You banged it out! 

Yes nothing is better than a fixed deadline to get you working.

So what was your favorite bagel flavor? 

Garlic Bagels, obviously.

Will you write another book?

It’s not in my plans…

So what’s in your plans?
Oh man don’t ask me that!  I don’t know!

Sometimes I think about going back to activism.  It is what fuels me – it’s my people and what I know.  Sometimes I think about more traditional land conservation.  I recently saw an OTS [Organization for Tropical Studies] position to go work in the rainforests.  I thought, mmm, how dreamy to work in the tropics.

I feel like a lot of us have gone through some sort of existential soul-searching moment here at the Forestry School, I won’t call it a crisis – have you ever experienced that or have your goals remained set and your sites always focused?

Yes absolutely. But I’m not still in it.  I came in with the intention of shifting my focus to tropical forest conservation.  But I didn’t have it in me here to draft a proposal and design a research project and go out in the field for a second summer.  I couldn’t do that with this book needing to come out.  So I felt lost for a while.  But I’m not that concerned now. Things worked out.  I’m in a place where I’m not that worried about it.

Why do you think you aren’t worried about it?

Honestly, I just feel like things work out for me in life.  I feel really blessed in many ways and I feel lucky.  Opportunities that come before me, like writing this book, I didn’t pursue but we presented to me by someone else. Serendipity and our networks play an enormous role in shaping where we are going to be in the future. I don’t see a ton of point in worrying about it.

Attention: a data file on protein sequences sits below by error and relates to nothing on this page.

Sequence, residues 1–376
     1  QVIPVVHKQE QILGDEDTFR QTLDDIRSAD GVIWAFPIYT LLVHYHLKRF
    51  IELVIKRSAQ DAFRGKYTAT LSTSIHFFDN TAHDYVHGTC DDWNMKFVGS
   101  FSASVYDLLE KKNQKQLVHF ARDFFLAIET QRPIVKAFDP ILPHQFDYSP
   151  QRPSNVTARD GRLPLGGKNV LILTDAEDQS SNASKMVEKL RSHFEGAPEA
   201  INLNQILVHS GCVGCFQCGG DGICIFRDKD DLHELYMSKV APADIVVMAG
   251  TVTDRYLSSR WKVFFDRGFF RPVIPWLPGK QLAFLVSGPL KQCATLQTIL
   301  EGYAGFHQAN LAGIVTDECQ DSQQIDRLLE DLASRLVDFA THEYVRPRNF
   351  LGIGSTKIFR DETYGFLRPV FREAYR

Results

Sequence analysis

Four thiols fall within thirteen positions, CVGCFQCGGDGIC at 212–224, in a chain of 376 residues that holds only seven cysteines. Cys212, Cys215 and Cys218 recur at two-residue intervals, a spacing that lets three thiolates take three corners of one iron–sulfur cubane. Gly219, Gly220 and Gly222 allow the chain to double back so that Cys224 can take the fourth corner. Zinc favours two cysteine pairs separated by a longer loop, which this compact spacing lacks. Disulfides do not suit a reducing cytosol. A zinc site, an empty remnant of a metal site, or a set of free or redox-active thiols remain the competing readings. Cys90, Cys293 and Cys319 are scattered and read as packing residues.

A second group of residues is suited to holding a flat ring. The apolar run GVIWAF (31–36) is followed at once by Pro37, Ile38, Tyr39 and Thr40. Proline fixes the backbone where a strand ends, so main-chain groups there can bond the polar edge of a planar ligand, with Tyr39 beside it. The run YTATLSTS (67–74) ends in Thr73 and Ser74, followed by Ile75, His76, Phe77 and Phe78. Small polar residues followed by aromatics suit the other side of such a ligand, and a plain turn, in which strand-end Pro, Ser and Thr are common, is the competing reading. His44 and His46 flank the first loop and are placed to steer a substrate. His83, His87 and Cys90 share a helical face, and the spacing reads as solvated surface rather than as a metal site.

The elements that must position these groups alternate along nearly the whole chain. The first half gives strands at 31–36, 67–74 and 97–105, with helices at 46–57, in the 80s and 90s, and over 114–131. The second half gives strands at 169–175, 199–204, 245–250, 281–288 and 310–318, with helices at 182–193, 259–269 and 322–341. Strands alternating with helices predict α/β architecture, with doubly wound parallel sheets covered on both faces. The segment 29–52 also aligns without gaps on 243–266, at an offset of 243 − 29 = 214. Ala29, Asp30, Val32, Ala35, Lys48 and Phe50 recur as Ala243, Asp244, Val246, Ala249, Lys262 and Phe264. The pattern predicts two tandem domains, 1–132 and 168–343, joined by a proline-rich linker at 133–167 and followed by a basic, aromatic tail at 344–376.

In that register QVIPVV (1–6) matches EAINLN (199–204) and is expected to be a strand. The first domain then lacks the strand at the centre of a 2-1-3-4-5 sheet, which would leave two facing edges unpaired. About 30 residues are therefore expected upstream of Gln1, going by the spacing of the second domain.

If you don’t know what your dream job is (your north star) – then it doesn’t help you to try to force it.  You can get there, if you have a clear goal, but if not then I think it is best to do good work and see what comes your way.

What do you think are the biggest challenges facing environmentalists today?

I’m reading Derrick Jensen right now and he is a deep pessimist and he is critical of Bright Green environmentalism (using technology to improve things).  The “technology is going to save us” kind of thing.  That has never been true before.

Historically cities have always gotten their resources form the countryside – historically through force and destruction.  The concept that cities can be sustainable through and through seems sort of absurd.  I think maybe we are fooling ourselves.  Sometimes I think that our world can keep going and we can keep raising the standard of living on this planet for everyone and do it in a sustainable manner.  How is that possible?  I’m an optimist but I don’t think my optimism is always buffered by historical precedent, or even realism.

What buffers it then?


Sharon Smith is completing her Master of Environmental Management at the Yale School of Forestry and Environmental Studies.  She is interested forest conservation on a landscape level and markets campaigns to shift corporate practices.  Sharon is the author of the new book The Young Activist’s Guide to Building a Green Movement and Changing the World and is passionate about nurturing leadership at the heart of movements for social justice and environmental sustainability.

Aaron Reuben

Aaron Reuben is an editor-at-large and the former editor-in-chief of Sage Magazine. He holds a Masters of Environmental Management from the Yale School of Forestry & Environmental Studies, where he focused on governance of global marine resources. Aaron is a Get Out the Vote Director for Obama for America in western Pennsylvania. He is co-founder of the Brooklyn-based literary arts journal Armchair/Shotgun.